SAN FRANCISCO -- Elon Musk's move to buy Twitter for $44 billion has raised concerns about the depth of executive talent at his more valuable company, EV maker Tesla, in case his attention is further divided by the social media platform.
In announcing the deal on Monday, Musk called Twitter the world's "digital town square" and talked about protecting free speech, but he also rekindled fears that a man who once acknowledged sleeping on the factory floor during the launch of the Model 3 sedan and last year talked of working "crazy hours" only has so much energy to spare.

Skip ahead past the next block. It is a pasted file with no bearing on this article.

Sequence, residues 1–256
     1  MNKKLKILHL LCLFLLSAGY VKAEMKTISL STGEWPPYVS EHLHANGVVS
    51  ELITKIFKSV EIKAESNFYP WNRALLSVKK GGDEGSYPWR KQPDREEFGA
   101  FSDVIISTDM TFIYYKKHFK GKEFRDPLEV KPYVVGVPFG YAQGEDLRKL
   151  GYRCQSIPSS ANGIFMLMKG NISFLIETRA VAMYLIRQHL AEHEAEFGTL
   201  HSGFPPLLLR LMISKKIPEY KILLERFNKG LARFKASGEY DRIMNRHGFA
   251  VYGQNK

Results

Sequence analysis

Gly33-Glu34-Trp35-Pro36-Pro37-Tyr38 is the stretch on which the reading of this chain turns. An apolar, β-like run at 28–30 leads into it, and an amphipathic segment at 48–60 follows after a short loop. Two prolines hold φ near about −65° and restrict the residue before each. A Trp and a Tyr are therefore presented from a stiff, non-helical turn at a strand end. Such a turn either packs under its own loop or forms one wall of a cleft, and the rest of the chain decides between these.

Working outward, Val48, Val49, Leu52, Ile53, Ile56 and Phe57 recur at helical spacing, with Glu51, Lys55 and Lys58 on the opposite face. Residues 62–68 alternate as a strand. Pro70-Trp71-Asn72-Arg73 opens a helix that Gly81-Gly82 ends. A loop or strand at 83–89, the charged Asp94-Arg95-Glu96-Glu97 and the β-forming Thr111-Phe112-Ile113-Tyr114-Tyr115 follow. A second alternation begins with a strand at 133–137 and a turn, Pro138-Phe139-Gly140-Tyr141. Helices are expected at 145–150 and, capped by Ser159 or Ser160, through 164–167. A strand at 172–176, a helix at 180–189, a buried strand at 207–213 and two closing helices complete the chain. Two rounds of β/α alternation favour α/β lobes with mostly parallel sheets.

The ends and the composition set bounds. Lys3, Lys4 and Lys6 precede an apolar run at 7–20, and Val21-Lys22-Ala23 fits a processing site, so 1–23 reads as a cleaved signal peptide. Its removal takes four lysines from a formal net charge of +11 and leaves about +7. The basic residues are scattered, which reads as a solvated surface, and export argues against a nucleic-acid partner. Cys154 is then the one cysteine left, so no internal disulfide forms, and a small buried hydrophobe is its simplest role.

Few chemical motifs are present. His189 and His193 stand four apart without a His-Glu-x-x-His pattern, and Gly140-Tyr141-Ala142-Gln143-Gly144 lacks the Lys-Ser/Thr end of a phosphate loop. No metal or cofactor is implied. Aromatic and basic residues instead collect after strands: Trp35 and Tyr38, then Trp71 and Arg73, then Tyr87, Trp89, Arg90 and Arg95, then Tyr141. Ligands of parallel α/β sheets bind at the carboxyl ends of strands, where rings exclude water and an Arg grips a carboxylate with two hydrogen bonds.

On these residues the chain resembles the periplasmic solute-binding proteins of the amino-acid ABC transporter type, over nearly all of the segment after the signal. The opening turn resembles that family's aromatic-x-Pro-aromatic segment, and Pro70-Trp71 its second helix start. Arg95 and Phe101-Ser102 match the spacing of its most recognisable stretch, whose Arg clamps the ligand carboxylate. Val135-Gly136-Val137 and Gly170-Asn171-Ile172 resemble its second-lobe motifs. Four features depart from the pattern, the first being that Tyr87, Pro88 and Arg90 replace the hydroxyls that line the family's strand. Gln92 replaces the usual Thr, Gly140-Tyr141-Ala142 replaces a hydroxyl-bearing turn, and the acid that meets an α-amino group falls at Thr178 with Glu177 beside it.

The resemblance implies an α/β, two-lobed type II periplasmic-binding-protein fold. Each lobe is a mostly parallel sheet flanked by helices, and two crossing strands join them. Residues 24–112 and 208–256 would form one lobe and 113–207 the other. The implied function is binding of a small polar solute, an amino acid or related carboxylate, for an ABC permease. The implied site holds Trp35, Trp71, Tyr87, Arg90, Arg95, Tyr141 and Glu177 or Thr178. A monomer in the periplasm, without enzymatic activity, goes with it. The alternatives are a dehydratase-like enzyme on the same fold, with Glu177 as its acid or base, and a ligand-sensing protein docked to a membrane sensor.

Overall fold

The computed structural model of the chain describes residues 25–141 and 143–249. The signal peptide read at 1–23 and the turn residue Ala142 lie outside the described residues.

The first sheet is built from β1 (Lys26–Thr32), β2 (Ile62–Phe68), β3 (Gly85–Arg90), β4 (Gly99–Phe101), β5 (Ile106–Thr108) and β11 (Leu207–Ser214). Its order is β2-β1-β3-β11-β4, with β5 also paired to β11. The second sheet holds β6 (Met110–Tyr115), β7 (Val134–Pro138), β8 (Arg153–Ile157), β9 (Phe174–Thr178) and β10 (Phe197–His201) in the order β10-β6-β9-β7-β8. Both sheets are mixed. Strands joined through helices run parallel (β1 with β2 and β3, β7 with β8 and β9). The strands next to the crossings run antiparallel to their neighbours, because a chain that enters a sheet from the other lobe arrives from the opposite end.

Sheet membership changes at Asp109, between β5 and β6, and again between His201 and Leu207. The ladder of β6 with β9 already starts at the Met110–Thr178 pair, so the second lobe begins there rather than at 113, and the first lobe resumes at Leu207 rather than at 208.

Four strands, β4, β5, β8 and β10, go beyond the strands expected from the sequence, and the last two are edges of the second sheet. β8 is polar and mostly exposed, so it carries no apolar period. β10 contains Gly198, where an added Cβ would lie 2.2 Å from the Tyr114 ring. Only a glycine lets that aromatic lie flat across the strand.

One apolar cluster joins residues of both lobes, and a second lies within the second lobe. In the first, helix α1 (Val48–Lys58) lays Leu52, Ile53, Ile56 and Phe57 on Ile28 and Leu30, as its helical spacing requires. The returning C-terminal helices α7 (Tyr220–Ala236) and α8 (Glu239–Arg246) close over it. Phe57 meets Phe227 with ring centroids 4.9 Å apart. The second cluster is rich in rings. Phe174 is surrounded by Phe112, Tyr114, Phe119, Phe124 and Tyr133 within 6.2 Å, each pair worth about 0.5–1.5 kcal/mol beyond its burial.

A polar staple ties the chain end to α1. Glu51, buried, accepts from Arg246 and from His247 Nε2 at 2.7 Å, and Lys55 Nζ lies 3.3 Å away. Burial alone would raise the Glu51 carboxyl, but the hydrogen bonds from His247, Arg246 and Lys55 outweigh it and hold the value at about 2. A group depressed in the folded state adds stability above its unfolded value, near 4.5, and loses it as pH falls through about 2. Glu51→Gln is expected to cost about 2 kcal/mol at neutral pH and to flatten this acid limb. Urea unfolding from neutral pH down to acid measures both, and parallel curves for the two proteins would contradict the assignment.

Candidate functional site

"Tesla feels very much like a startup despite it being a trillion dollar company," said Tesla investor Ross Gerber, CEO of wealth management firm Gerber Kawasaki. "It's as big or bigger than the biggest companies in the world, but it doesn't have the management infrastructure like other companies."
On top of that, Tesla is racing to boost production at new plants in Texas and Berlin amid supply-chain snarls and higher raw materials costs, as well as get work at its biggest factory in Shanghai back on track during a spike in COVID-19 cases there. Musk said in January Tesla had too much on its plate and would not introduce new models like Cybertruck this year.